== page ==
Why Not Harsher Treatment?

Then Noah built an altar to the Lord and took some of every clean animal and some of every clean bird and offered burnt offerings on the altar. 21 And when the Lord smelled the pleasing aroma, the Lord said in his heart, “I will never again curse the ground because of man, for the intention of man’s heart is evil from his youth. Neither will I ever again strike down every living creature as I have done. 22 While the earth remains, seedtime and harvest, cold and heat, summer and winter, day and night, shall not cease.” – Genesis 8:20-22

Cactus After a Freeze #2 | Fredericksburg, Texas | April 2021

Mr. Tietz was a Lutheran School Principal at my vicarage congregation in Cheyenne, Wyoming. He had a wonderfully quiet manner and very large impact. During the lunch period, with more than 100 children in the cafeteria, he would walk in and begin speaking. In a very low voice. And the cafeteria would quickly become quiet. It was amazing. I tried to learn from him. Try to out-yell a group of junior-highers and you’d better have a bull horn!

Are you a harsh disciplinarian, or a soft touch? Do you get big and loud to reign in unruly students, or let them run wild? Admittedly there is a time for loud and in-your-face assertiveness. But there is a mystery here: the greater work is done in the quietness of someone’s heart than in the blast of the high-and-mighty voice. 

God shows this to be true in his response to the worship of Noah and his family. His response to the sinfulness of us human-types is remarkable: “I will never again curse the ground because of man, for the intention of man’s heart is evil from his youth.

Is God admitting failure in his diluvian wrath, or is something else at play here? Admittedly it appears that God is – upon reflection – becoming a softy. He’s had second thoughts about destroying all living creatures except those on Noah’s ship. But there is another explanation. And it has to do with the difference between whether you want people’s compliance or their hearts.

God wants our hearts; not just our outward compliance to his laws. Jesus makes this point when he warns us that we can commit adultery simply by looking upon a woman lustfully, or murder by holding hatred for another in our hearts. Sadly, we can be outwardly compliant while inwardly harboring hatred and resentment in our hearts for God. God wants our hearts.

That is made clear by his assessment that, “the intention of man’s heart is evil from his youth.” This shows God’s tender heart toward us broken and fallen creatures. He could simply determine that his “experiment” of creating man and woman in the condition as he did was a flop. He could decide to start all over from scratch. But he did not. In stead, he reveals a grace and mercy to sinful men and women.

It’s not just that we can’t help ourselves from sinning (though we cannot). It’s that God has a better plan, and has had so all along. I’ve shared the idea before (from Philip Yancey, I believe) that the Old Testament is a giant object lesson of what doesn’t work. Direct communication with God doesn’t work (Adam and Eve). Having a king doesn’t work (Manasseh). Prophets who speak for God don’t work (Matthew 23:29-31).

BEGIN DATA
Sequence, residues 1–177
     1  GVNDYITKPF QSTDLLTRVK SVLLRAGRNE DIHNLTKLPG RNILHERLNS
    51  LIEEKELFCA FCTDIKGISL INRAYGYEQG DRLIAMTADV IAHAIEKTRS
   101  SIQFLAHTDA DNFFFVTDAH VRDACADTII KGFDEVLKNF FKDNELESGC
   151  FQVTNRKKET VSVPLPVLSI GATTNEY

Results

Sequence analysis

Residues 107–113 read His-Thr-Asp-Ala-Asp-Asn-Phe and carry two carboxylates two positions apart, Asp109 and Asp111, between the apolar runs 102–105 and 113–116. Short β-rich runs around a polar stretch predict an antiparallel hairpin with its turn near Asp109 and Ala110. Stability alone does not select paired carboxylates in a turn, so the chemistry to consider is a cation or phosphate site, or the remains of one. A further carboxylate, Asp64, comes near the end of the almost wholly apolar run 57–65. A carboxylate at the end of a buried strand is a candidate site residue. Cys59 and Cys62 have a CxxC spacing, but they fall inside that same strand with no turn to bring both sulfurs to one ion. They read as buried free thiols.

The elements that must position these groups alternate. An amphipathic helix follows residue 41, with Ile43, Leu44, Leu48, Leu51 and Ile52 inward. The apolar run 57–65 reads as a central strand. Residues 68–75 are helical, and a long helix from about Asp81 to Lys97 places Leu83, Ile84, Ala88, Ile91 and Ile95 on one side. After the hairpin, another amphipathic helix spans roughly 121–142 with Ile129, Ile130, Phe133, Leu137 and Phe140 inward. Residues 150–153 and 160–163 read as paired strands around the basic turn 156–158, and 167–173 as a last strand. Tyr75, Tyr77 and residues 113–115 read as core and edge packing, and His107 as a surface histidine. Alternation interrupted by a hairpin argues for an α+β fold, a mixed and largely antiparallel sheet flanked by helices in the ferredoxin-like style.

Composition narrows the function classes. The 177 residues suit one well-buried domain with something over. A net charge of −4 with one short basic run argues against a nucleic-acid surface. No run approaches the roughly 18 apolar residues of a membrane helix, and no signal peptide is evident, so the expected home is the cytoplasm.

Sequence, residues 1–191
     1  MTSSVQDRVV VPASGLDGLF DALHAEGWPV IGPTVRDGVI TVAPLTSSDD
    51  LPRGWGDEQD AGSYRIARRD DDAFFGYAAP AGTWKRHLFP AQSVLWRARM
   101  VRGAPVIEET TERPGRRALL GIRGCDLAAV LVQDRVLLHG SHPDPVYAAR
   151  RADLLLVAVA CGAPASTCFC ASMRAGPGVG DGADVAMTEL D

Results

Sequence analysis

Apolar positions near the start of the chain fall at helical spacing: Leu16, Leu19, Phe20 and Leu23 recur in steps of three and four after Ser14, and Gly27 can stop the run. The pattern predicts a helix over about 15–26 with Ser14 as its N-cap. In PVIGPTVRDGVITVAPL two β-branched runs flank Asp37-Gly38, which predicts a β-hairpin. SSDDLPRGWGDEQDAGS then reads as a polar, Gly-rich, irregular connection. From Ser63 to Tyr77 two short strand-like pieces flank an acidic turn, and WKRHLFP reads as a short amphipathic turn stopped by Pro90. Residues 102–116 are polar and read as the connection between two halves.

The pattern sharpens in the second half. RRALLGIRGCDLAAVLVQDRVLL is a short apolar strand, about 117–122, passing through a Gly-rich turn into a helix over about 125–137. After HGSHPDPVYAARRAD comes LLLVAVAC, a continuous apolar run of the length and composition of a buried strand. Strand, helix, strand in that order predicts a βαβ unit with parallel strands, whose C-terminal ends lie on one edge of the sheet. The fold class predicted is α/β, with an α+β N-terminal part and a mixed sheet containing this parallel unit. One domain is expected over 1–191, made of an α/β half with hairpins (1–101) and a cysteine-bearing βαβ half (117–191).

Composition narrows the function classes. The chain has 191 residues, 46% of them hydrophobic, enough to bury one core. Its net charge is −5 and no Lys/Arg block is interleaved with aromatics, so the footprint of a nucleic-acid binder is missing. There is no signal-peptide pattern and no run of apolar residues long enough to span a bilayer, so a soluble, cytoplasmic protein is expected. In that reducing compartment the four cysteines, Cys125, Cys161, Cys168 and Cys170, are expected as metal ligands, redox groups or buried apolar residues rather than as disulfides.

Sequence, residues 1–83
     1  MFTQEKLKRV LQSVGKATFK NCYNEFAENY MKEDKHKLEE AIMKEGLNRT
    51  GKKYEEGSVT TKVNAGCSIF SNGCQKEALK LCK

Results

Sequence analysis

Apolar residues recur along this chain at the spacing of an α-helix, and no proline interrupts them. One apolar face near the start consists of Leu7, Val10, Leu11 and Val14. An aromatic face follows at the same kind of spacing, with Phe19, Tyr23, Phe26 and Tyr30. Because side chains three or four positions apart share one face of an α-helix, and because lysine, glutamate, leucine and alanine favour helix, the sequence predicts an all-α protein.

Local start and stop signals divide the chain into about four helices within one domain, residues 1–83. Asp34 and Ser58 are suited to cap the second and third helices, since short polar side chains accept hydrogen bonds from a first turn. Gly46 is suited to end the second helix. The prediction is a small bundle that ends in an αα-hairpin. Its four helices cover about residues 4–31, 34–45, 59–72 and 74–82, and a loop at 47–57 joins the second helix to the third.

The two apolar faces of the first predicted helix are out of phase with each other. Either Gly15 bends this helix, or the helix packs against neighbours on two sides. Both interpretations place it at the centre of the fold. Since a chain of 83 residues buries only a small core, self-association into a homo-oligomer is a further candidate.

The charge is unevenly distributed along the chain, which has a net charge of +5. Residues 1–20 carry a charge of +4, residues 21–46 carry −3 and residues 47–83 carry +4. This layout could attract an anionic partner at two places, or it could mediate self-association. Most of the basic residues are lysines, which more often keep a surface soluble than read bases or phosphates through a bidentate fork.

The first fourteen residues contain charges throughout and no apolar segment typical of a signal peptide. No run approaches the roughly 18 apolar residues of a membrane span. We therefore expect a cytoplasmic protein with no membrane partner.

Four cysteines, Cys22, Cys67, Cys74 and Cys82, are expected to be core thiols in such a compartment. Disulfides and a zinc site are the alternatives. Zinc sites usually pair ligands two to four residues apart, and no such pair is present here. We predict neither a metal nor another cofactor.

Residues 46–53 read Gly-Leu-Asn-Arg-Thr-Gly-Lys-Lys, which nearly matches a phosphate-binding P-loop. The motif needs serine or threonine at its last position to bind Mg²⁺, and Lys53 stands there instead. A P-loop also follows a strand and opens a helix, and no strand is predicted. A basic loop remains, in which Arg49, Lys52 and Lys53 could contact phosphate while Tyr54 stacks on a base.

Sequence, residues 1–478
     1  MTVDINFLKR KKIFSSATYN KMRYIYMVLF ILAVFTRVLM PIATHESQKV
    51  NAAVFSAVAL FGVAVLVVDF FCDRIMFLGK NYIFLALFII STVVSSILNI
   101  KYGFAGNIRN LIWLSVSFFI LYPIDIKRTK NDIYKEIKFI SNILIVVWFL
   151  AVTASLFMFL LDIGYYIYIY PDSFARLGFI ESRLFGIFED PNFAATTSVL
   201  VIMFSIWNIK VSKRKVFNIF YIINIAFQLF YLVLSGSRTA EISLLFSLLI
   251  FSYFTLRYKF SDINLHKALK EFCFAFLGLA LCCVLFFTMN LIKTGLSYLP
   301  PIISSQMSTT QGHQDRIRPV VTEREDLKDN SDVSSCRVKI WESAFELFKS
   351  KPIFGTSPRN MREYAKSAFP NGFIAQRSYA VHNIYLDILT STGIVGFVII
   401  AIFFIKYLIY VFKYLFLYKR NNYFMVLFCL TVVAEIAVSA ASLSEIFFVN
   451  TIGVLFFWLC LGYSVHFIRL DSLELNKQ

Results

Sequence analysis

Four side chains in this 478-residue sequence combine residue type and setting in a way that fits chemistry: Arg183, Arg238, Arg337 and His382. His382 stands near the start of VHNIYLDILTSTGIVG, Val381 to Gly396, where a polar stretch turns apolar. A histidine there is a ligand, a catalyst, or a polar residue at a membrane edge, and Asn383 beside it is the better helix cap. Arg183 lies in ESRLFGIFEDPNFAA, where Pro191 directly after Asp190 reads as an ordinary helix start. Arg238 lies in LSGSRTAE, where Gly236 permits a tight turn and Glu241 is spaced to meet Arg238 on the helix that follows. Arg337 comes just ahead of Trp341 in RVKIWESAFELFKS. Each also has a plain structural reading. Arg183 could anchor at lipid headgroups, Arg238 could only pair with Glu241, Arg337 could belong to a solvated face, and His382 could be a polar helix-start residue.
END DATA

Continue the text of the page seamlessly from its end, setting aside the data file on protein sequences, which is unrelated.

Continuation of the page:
God want’s our hearts, broken and sinful as they may be. For a heart yielded to him in any condition will be healed, redeemed and made new. God has a heart for us. It’s big, merciful, and full of love and grace. And he shows us that in Jesus who died to free our hearts from our sinful ways.

Click here or on the podcast player below for an audio version of this blog post.

The Gale Force Wind of the Spirit David Bahn – Reflections

We cannot believe in Jesus or come to him by our own reason or strength. But the Holy Spirit has called us by the Gospel and enlightened us with his gifts. And that same Holy Spirit has inspired believers down through the ages to share the Gospel message. And we are the recipients of his work. The gale-force wind of the Spirit is still blowing. And even today, as God promised through the prophet Joel, "Everyone who calls on the name of the Lord will be saved.
  1. mkzirian@att.net said:


    Sounds like you and Diane are enjoying retirement. I particularly like this bible verse. Am confused about how it matches up with the end days referred to in 2nd Peter and Revelation. Any advice?


    • Hi Michael! We are enjoying retirement. Thanks for checking in. The key to understanding this, I believe, is in the phrase: “While the earth remains…” Jesus said, “Heaven and earth will pass away, but my words will not pass away.” Peter speaks of the end times as when the the heavens and earth will be destroyed. So the phrase, “while the earth remains,” is the key. Things will continue as normal until The End. Most important is Peter’s reminder that God is patient “not wishing that any should perish, but that all should reach repentance.” (2 Peter 3:9)

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